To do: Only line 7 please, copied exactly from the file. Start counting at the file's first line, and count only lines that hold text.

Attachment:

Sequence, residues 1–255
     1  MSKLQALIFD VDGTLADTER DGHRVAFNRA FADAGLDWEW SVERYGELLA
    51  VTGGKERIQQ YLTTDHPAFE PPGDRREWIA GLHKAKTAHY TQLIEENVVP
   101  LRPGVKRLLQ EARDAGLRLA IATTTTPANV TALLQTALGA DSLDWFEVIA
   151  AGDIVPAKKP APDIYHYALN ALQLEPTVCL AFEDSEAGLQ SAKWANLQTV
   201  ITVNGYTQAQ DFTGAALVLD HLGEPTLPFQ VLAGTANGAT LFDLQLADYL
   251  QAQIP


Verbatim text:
   251  QAQIP